The marketing team was ecstatic: Their online campaign was an unqualified success, judging by the ever-increasing compute cycles being used by their cloud services provider. The campaign was built to take advantage of the scale the cloud offers, so as demand ramped up, so did the number of CPUs.
And then someone realized it was too good to be true.
“It turned out they were [unknowingly] running one of the largest cryptocurrency operations ever seen because they had not protected themselves,” recounts Robert Falzon, head of engineering at Check Point Software Canada. “That company was on the hook for hundreds of thousands of dollars in compute cycles that were fraudulently stolen from them.”
When most CISOs think about how their organizations might experience fraud, the list probably includes business email schemes, product refund scams, identity fraud and credit card abuse. They might not immediately think of an IT infrastructure con right under their noses stealing compute cycles for cryptomining.
Also called cryptojacking, it’s one of several frauds ITWorldCanada.com discussed with experts as Fraud Prevention Month comes to a close.
In fact, Fazon said, illegal cryptomining has been increasing this year because the price of bitcoin has been soaring since January.
“’To save money, a lot of organizations are shifting their technology to cloud with the expectation that it has the same security controls as they might have in their data centre. That’s a huge problem,” said Falzon. “The fact is many businesses are not aware that the same security controls that exist in their local networks are not automatically available in the cloud. They’re not taking the same precautions as if this infrastructure was in their own data centre. So we’re seeing a spate of attacks on cloud infrastructure.”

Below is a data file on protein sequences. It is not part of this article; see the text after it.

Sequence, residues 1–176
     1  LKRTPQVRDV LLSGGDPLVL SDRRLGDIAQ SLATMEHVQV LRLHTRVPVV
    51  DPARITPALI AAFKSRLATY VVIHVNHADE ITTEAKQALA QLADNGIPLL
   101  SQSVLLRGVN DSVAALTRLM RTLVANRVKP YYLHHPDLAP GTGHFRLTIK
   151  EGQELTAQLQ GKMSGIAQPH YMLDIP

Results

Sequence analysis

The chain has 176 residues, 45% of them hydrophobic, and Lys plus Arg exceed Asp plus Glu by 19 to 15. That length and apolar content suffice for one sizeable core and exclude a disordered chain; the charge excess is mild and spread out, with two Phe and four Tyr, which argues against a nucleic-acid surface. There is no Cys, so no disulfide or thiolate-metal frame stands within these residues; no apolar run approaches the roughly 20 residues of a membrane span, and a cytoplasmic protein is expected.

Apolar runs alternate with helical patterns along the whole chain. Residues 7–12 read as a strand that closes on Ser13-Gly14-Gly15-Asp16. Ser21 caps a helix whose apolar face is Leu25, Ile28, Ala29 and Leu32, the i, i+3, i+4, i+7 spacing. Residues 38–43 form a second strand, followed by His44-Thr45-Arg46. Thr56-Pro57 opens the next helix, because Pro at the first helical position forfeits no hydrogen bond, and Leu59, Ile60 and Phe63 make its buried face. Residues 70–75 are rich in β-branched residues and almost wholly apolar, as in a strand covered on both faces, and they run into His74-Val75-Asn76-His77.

Greg Young, vice-president of cybersecurity at Trend Micro is seeing the same thing.
“Quite often, we see organizations not defending themselves against traditional ransomware, thinking they’re free from ransomware because their machines are locked up. But it turns out their machines have been exploited for some time. Two digits (per cent) of their Amazon bill can be attributed to cryptomining. It turns out they’re being mined, not ransomed. In fact, the loss is probably many factors more than what they would have lost if they had been ransomed.
“If you’re not asking for or using the tools to monitor your billing, that’s up to you,” he said.
He added that infrastructure-as-a-service providers ought to notice and alert customers of unusual usage patterns, although many don’t. “Unfortunately, it’s up to the customers to defend themselves.”
Taking advantage of unfamiliarity
Young said that hackers specializing in illegal cryptomining are taking advantage of infosec teams’ relative unfamiliarity with cloud security and billing. Secure cloud configurations, particularly with multi-factor authentication and access control, is one defence. Monitoring spending through billing ceilings is another.
“Security was often blind to issues of spending, but now we have to get involved in that.”
He also said CISOs have to monitor compute usage. If there’s a spike in a department that shouldn’t be seeing an increase, it’s a sign of an investigation.
Cryptojacking has been on the rise for some time. In January, Palo Alto Networks released a report on a threat actor called the Rocke Group, responsible for installing malware researchers dub Pro-Ocean.